The Guardians of Martock Church
*** Due to retirements, the Guardians Fundraising Group are in need of new members to support their work in providing an annual programme of events. If you are willing to help support our lovely church building by contributing to the work required to stage concerts, please speak to one of the Guardians or email [email protected]. We look forward to hearing from you! ***
The Guardians of Martock Church were set up as a Charitable Trust in 1996 with the sole purpose of paying for the refurbishment and enhancement of the structure and fabric of All Saints' Church. They have recently paid for a completely new Security System for the building and its roof and they will shortly be funding a new Audio-Visual sound system and a more efficient heating system.
The Guardians are needed as there is likely to be considerable future expense for all sorts of running repairs to this beautiful building – So please keep up your support. The PCC and Parish thank the Fund Raising Committee and people attending the functions.
Between 2002 and the end of 2018, the Guardians staged 125 concerts or talks that were attended by 18,000 people and raised some £80,000 towards refurbishment of the church building. We run approximately eight concerts a year and the occasional talk. So far all have been successful. Find our upcoming events in "Services and events" under "one-off events".
From The Beginning
In 1996, the PCC was faced with the prospect of a Quinquennial Inspection, and it was suspected that a considerable amount of work was going to be necessary to the fabric of the Church. More funds would be needed than the PCC could be expected to find to carry out the work. Elizabeth Turner had the idea to set up the 'Friends of Martock Church'. Later that year a Charitable Trust was formed and the charity, to be known as The Guardians of Martock Church, is supported by people from all sections of the village community, dedicated to raising funds on an on-going basis for the repair, restoration and upkeep of the fabric of the Church. The Trust is completely independent of the PCC of All Saints' Church and any funds raised remain the assets of the Trustees.
The Trust document defines “the fabric of the church” as “the Church and Churchyard and contents including monuments, ornaments, furnishings, bells, organ, windows, and other embellishments and equipment of the Church as an ancient building of beauty, historic and architectural interest.” Since then responsibility for the churchyard has been taken over by the Parish council.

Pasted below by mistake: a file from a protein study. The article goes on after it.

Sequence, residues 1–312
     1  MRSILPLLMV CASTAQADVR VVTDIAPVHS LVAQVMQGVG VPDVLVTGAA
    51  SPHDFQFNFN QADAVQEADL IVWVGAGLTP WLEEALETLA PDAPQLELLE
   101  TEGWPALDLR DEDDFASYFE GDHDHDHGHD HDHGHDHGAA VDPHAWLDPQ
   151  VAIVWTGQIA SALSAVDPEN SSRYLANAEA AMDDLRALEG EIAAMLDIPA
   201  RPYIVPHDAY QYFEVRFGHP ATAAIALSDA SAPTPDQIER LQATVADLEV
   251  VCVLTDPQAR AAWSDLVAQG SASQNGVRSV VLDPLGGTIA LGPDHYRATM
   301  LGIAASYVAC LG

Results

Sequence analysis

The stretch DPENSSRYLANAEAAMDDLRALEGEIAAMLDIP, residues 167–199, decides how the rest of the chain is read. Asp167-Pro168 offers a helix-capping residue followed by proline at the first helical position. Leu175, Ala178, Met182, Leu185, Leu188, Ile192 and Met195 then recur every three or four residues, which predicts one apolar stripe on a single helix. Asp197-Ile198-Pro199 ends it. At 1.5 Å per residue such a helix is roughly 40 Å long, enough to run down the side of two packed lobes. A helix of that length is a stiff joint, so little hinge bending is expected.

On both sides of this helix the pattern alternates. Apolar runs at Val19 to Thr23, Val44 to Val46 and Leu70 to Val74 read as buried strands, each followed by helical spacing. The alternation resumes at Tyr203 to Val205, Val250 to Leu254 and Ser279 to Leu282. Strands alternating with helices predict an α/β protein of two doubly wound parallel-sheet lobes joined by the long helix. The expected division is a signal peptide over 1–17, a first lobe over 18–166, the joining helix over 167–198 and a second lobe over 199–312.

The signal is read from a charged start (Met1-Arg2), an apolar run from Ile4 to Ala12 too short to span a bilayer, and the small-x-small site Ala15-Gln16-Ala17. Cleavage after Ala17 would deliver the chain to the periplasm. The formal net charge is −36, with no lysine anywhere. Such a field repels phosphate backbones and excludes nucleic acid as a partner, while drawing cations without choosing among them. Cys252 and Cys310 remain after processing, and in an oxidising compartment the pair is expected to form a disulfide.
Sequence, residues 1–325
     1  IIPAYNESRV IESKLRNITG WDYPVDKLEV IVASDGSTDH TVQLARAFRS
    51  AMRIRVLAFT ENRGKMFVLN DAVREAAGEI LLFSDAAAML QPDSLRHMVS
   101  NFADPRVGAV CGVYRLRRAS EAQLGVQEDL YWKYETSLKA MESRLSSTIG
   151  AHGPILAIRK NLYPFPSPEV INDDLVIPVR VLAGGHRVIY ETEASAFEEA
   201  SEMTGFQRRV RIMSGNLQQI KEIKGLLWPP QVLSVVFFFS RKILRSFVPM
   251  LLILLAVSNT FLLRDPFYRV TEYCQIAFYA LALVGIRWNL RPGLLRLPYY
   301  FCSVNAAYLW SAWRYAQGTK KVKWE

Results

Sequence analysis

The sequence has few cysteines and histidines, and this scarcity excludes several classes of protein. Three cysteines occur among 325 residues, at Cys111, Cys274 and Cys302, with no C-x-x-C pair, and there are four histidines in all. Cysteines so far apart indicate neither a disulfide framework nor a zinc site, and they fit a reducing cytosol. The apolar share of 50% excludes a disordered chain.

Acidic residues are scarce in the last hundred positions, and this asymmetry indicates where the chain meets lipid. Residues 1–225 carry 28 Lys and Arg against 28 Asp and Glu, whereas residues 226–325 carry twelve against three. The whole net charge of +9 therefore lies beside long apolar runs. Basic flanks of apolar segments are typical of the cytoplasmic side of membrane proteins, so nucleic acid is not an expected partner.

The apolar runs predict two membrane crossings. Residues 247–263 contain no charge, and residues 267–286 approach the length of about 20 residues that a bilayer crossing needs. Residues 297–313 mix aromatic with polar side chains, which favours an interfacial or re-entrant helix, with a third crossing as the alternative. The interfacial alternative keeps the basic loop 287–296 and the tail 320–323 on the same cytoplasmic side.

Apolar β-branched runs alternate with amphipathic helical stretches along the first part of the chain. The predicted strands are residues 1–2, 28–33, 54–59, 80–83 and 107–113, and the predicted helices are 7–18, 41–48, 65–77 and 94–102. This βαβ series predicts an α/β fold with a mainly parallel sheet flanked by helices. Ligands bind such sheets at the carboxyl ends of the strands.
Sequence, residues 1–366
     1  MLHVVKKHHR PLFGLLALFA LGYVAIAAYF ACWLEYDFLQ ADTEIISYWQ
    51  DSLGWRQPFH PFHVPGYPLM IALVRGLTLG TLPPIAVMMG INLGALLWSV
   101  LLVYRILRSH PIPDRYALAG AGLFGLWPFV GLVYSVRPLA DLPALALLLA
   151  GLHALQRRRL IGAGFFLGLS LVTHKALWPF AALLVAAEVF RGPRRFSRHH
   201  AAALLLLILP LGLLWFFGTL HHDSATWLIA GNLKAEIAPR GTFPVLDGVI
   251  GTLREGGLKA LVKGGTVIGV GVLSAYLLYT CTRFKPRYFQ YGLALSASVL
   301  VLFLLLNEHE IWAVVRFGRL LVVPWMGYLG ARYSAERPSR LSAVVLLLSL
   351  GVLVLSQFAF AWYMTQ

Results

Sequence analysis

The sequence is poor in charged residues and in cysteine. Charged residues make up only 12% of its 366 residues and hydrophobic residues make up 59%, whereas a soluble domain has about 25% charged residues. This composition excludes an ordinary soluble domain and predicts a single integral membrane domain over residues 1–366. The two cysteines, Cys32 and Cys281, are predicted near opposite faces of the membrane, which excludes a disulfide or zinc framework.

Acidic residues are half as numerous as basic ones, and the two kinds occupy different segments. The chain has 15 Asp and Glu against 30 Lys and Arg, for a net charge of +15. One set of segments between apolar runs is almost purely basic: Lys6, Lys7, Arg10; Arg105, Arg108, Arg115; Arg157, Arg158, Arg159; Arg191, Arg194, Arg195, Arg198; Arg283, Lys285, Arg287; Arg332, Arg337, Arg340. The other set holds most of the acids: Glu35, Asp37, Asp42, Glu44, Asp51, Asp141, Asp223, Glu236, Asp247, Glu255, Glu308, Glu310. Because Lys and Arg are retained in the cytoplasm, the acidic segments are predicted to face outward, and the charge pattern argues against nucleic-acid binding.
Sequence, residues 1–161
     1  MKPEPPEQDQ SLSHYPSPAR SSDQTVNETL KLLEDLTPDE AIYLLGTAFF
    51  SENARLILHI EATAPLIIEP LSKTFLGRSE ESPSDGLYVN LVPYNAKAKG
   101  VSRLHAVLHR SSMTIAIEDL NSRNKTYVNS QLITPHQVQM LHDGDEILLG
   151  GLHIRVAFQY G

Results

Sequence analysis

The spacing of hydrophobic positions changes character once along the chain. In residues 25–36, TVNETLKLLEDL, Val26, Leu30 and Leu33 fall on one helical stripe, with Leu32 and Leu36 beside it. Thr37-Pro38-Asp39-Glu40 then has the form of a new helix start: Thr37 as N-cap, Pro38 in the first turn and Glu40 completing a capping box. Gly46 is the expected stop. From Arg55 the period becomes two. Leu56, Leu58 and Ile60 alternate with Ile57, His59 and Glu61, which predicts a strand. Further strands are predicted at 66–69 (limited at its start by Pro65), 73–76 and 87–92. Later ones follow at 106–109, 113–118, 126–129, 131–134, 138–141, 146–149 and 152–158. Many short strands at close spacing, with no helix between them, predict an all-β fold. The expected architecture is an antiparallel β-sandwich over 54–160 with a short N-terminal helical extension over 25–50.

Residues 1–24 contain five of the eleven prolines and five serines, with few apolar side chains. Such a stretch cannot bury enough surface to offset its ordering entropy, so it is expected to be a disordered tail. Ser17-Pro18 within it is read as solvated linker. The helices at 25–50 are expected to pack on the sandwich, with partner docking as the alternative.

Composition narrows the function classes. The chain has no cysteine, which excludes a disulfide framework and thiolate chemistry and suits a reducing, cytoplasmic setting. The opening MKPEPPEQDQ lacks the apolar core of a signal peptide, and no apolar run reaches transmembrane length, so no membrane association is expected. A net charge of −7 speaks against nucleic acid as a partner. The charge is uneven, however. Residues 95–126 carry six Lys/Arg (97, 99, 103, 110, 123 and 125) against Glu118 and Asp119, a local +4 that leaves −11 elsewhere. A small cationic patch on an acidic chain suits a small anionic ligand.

Early activities included:
• Establishment of a logo and advertising posters
• Production of a leaflet and distribution to every house in Martock. (Sponsored by Shell UK Ltd)
• Concerts by Wells Cathedral School and Sherborne School.
• Establishing mailing lists of more than 100 friends
• First class lectures by Colin de Mowbray and Colonel Blashford Snell
• An Antique Valuation Day complete with lunches and a very high grade raffle which was run by ladies from the wider community plus a wine tasting.
• Production and sales of merchandise – tea towels, notelets and cookery books – organised by Parrett Traders
• Christmas Cards
• Raffle of a model doll's house shop – with the assistance of Palmer Snell who advertised it in their literature and in the local press.
Initially, importance was placed on convincing people to commit to complete a Covenant in favour of the Guardians.
The quinquennial inspection revealed that a massive amount of work needed to be done – including costly repairs to the stonework both in the perforated parapet above the nave and in the walling of the main building. The original estimate was that this would cost some £70,000 – more than the Guardians on their own could expect to raise. It was therefore decided to set up a major appeal under the joint patronage of HM Lord Lieutenant, Sir John Wills, and the Bishop of Bath and Wells. At this point Jeremy French handed over the Chairmanship to Ivan Childs so that he could concentrate on the appeal, and Kathleen Lewis became Secretary.
The Appeal included an application to the Heritage Lottery Fund as well as to a number of charities known to be supportive of the up-keep of historic churches. Letters were sent to a number of kind people who had shown their support for the Guardians. The final accounts for the work turned out to be just over £40,000 and, despite gaining no help from the Lottery Fund, the Guardians and the Appeal were able to raise the necessary funds to meet the cost of all the work required.